From The Los Angeles Lakers have hired John Kuester to serve as an assistant coach, it was announced today by Lakers General Manager Mitch Kupchak.  “I’m extremely excited to have John join the team as a member of my coaching staff,” said Lakers Head Coach Mike Brown. “Having previously worked together in Cleveland, I know what assets he will bring to the team. His ability to effectively communicate with the players while teaching them valuable skills on both ends of the court is a quality that I respect and value. I look forward to working with him again.” Kuester joins the Lakers after a two-year stint as head coach for the Detroit Pistons. Prior to his time in Detroit, Kuester spent 14 years as an assistant coach in the NBA, working for six different franchises (Boston, Philadelphia, Detroit, New Jersey, Orlando and Cleveland).

From Mike Bresnahan and Broderick Turner, LA Times: Lakers guard Kobe Bryant has taken an unusual step to try to strengthen his ailing right knee, undergoing an innovative procedure in Germany about a month ago, according to four people familiar with the situation who were not authorized to speak publicly. The treatment is a derivation of platelet-rich plasma therapy. PRP procedures are less invasive than many surgeries involving the knee and are viewed as either an emerging solution to knee problems or a financial gamble on unproven science. Bryant, who turns 33 next month, has been bothered in recent seasons by an arthritic joint in his right knee. He has undergone three other knee procedures since 2003, including surgery last July to remove unspecified loose bodies. He sat out an overwhelming majority of the Lakers’ practices this past season and saw his scoring, shooting percentage and minutes decrease in his 15th NBA season. He has three years and $83.5 million left on his contract with the Lakers.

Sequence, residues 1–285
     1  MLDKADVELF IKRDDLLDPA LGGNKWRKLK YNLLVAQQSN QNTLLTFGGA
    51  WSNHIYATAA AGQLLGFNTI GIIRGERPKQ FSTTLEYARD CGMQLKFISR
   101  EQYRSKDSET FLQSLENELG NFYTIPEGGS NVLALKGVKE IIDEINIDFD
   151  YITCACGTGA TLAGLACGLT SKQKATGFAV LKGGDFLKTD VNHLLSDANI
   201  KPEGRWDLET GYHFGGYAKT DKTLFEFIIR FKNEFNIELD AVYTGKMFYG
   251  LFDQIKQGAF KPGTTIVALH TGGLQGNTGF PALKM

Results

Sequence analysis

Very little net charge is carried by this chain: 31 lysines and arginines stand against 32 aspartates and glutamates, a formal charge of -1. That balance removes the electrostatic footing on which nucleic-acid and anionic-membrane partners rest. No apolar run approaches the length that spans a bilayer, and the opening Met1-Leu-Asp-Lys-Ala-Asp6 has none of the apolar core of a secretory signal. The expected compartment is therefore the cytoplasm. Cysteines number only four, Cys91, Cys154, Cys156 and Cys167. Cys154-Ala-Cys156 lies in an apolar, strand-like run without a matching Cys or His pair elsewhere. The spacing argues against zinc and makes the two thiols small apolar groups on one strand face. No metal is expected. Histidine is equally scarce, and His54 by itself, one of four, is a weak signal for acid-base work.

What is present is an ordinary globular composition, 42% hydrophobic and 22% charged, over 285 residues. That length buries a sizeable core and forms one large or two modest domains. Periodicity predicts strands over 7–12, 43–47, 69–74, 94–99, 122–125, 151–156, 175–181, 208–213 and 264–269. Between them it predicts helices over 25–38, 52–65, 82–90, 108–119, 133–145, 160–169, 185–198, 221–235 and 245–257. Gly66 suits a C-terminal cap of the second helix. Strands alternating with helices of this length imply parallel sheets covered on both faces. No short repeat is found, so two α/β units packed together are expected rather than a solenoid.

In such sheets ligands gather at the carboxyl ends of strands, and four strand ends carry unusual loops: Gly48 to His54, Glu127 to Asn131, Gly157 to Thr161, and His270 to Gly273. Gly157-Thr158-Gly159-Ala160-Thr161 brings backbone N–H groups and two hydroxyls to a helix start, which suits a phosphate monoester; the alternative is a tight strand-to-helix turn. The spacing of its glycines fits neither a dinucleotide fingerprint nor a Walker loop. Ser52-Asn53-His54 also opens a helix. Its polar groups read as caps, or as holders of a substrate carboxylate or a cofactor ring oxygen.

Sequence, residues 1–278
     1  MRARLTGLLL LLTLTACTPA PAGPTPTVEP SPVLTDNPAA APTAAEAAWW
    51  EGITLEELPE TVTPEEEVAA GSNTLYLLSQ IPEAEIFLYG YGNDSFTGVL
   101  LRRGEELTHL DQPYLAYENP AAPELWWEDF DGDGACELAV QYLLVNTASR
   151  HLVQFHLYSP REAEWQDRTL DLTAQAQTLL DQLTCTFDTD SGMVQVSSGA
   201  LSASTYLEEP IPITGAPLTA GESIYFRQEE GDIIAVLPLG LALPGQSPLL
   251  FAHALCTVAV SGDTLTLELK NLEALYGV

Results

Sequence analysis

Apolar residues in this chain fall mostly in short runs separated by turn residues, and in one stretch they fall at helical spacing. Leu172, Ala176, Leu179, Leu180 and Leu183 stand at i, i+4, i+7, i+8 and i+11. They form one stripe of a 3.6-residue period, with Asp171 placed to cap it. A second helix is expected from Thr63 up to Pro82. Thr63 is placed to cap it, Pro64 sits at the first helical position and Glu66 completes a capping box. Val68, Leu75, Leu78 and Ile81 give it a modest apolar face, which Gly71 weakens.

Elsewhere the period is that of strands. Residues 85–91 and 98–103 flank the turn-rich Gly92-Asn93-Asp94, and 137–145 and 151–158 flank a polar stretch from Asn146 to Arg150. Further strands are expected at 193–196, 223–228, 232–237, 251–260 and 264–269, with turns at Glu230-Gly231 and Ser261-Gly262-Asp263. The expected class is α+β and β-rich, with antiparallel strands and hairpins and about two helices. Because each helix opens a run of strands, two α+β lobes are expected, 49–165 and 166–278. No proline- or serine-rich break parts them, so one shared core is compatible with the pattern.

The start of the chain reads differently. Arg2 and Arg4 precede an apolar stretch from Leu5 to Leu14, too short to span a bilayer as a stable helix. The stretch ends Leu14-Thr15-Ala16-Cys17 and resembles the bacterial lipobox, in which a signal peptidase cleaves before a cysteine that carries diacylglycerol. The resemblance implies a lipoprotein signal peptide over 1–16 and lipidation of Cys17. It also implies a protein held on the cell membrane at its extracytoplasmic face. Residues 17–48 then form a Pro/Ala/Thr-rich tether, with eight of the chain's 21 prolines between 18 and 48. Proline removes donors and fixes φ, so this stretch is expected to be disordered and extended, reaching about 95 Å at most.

From Mark Medina, LA Times: In the upcoming Mike Brown era, Lakers guard Derek Fisher will, at worst, see his role reduced as the offense emphasizes a faster tempo. At best, his ability to pick up the speed will truly be put to the test. With a defense that stresses preventing middle drives to the basket, Fisher’s team-first mentality — taking charges, causing deflections and keeping the unit organized — likely won’t be enough to offset the way he reacts to screen-and-rolls and his ability to keep up with young guards. And with a likely prolonged offseason, which the Lakers hope will allow them to address their backcourt needs, Fisher will soon find out exactly how much the organization values the remaining two years on his contract.  But there’s one specific and important area that won’t change: Fisher’s relationship with Kobe Bryant. It’s remained strong ever since the two entered the league together in 1996 and has strengthened over time with five championship rings. Even if the level of talent between the two is wide, they share an unmatched work ethic. And their bond will prove critical.

Phillip Barnett